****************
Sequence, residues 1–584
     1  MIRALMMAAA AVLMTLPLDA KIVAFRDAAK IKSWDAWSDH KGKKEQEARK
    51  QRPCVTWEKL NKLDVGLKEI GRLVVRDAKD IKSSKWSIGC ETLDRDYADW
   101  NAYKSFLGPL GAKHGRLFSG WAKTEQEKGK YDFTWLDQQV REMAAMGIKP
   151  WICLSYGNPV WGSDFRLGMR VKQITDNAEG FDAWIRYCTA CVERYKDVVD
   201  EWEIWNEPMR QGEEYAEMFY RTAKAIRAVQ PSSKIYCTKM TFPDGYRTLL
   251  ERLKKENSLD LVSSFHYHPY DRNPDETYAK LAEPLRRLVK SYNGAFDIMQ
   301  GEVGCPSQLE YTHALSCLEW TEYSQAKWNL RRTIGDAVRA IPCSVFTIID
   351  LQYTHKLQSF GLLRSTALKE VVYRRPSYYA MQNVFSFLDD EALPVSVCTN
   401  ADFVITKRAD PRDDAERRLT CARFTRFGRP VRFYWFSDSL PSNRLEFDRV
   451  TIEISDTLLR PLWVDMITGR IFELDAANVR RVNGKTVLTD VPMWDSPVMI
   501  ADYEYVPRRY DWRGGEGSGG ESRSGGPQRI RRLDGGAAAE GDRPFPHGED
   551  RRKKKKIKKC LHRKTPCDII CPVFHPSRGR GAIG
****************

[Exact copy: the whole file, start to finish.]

Sequence, residues 1–584
     1  MIRALMMAAA AVLMTLPLDA KIVAFRDAAK IKSWDAWSDH KGKKEQEARK
    51  QRPCVTWEKL NKLDVGLKEI GRLVVRDAKD IKSSKWSIGC ETLDRDYADW
   101  NAYKSFLGPL GAKHGRLFSG WAKTEQEKGK YDFTWLDQQV REMAAMGIKP
   151  WICLSYGNPV WGSDFRLGMR VKQITDNAEG FDAWIRYCTA CVERYKDVVD
   201  EWEIWNEPMR QGEEYAEMFY RTAKAIRAVQ PSSKIYCTKM TFPDGYRTLL
   251  ERLKKENSLD LVSSFHYHPY DRNPDETYAK LAEPLRRLVK SYNGAFDIMQ
   301  GEVGCPSQLE YTHALSCLEW TEYSQAKWNL RRTIGDAVRA IPCSVFTIID
   351  LQYTHKLQSF GLLRSTALKE VVYRRPSYYA MQNVFSFLDD EALPVSVCTN
   401  ADFVITKRAD PRDDAERRLT CARFTRFGRP VRFYWFSDSL PSNRLEFDRV
   451  TIEISDTLLR PLWVDMITGR IFELDAANVR RVNGKTVLTD VPMWDSPVMI
   501  ADYEYVPRRY DWRGGEGSGG ESRSGGPQRI RRLDGGAAAE GDRPFPHGED
   551  RRKKKKIKKC LHRKTPCDII CPVFHPSRGR GAIG